FinTech could also affect the conduct of monetary policy. Unbundled banking would change the roles of bank capital and funding costs in the credit channel of monetary policy. If FinTech enhances participation in financial markets, the wealth channel of monetary policy could strengthen.

More broadly, Big Data techniques could tell us about the state of the economy more accurately and promptly. Forecast performance could improve, akin to the forecast improvements that better measurement of atmospheric conditions has, over time, delivered for meteorologists.

My own forecast is that FinTech's consequences for the Bank's objectives will not become fully apparent for some time. Many of the technologies needed to deliver such transformations are nascent - their scalability and compatibility untested beyond Proofs of Concept. Moreover, the bar for displacing incumbent technologies is very high. Nor will the Bank of England take risks with the resilience of the core of the system. Disruption won't come either easy or cheap.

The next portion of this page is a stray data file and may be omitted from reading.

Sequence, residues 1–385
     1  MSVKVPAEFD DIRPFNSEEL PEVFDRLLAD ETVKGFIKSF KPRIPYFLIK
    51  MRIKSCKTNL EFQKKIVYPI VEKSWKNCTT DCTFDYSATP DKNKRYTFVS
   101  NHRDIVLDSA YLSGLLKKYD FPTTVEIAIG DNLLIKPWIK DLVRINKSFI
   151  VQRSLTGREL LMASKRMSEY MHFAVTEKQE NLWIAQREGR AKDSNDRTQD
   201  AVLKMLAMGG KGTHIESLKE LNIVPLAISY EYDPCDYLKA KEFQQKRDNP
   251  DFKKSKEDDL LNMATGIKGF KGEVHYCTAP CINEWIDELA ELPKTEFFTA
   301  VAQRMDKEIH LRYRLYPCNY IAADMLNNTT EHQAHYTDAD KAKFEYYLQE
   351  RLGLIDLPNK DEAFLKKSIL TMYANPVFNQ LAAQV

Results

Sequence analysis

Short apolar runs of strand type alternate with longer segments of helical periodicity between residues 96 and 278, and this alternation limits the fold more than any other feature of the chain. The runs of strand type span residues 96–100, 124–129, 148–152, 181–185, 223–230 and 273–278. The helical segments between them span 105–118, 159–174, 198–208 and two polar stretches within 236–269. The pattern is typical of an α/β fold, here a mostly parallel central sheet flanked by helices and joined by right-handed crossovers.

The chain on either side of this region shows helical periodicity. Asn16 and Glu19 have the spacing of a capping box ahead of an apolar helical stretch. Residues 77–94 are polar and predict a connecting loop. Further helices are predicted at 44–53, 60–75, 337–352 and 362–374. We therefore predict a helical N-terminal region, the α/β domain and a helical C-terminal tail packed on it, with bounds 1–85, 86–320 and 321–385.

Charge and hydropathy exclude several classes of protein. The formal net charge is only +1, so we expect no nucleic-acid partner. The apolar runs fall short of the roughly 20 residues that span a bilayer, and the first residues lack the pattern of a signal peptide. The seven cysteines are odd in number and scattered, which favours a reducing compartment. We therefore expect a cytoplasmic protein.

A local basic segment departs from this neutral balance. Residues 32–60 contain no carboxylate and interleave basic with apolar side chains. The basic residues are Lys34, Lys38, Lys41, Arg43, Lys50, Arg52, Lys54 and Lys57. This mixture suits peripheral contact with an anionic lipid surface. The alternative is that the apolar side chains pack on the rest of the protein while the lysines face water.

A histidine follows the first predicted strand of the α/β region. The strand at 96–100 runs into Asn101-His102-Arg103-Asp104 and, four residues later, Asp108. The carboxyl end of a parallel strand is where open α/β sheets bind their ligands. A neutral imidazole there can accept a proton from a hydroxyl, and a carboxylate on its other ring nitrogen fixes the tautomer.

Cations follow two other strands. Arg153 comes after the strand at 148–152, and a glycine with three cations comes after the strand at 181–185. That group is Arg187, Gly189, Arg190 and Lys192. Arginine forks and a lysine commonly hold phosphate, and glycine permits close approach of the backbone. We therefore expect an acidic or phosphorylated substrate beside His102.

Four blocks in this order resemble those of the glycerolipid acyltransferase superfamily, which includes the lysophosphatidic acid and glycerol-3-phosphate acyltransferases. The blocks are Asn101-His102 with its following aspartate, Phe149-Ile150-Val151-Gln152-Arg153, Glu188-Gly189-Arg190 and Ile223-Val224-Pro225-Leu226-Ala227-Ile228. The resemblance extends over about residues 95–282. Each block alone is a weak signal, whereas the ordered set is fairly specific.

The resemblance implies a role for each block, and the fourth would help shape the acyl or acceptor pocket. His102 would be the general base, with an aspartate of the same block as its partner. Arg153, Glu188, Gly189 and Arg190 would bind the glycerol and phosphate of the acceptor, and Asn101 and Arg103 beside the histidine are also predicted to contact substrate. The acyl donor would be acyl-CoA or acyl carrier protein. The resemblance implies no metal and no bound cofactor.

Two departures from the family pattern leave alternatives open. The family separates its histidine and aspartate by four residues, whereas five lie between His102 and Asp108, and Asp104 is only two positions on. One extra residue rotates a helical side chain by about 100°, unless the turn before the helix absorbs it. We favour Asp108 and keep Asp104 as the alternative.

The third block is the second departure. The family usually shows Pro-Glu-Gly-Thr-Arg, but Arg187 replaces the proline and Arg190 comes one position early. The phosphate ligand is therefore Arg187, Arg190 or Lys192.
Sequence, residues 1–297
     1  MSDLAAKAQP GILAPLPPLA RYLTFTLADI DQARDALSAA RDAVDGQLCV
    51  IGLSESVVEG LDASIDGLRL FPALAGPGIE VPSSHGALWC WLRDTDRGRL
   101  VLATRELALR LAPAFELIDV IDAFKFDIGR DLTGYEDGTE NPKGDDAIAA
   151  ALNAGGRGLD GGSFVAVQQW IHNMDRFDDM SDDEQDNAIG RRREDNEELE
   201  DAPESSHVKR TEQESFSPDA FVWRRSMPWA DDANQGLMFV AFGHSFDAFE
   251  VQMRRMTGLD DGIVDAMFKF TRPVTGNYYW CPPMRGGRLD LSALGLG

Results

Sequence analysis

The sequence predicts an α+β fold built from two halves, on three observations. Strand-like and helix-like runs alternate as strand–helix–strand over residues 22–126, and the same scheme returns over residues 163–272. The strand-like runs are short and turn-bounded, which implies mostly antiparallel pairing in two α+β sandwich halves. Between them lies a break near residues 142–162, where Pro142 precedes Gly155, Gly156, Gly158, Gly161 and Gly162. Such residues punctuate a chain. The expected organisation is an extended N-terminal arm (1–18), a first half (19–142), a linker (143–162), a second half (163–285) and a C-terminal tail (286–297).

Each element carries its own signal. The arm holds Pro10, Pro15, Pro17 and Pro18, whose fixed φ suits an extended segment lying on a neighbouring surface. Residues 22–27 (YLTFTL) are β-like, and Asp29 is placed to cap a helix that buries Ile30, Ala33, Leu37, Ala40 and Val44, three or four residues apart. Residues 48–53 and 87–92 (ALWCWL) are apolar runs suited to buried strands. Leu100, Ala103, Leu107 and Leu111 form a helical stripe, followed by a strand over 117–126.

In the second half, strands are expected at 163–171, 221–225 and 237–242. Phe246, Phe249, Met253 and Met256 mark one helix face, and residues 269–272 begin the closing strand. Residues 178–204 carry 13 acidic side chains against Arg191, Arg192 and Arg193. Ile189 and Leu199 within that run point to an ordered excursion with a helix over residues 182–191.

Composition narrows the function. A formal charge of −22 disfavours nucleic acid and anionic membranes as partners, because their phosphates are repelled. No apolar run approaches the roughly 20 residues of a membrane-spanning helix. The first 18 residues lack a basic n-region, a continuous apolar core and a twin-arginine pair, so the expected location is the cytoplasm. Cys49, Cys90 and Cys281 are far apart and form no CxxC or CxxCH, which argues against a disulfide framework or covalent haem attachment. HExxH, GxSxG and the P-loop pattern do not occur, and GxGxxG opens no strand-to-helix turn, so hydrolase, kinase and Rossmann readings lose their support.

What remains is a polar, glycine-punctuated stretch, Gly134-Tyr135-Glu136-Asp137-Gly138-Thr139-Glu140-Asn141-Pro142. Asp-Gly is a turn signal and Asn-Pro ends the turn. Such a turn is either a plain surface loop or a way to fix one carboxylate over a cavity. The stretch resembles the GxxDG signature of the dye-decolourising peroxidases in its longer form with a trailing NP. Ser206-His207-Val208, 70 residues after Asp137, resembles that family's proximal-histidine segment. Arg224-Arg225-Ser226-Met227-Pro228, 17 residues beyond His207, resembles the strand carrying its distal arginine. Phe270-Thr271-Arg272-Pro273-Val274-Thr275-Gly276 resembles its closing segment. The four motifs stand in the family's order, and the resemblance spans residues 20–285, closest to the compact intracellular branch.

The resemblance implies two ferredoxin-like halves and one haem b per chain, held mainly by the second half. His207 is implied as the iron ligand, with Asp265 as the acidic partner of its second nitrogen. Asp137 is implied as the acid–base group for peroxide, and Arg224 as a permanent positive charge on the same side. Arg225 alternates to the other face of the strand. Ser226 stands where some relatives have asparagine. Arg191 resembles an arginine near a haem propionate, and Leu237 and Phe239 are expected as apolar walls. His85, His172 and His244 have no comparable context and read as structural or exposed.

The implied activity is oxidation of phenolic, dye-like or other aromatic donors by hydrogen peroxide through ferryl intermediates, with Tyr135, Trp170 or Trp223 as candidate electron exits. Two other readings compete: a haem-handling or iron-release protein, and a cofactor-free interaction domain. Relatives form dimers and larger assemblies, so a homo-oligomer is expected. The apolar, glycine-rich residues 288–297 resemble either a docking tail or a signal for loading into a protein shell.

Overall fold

4. Enabling the FinTech Transformation

We are actively exploring how new financial technologies could support our policy objectives. There are five ways the Bank is enabling the FinTech transformation.

The first is widening access to central bank money to non-bank Payments Service Providers, known as PSPs. 3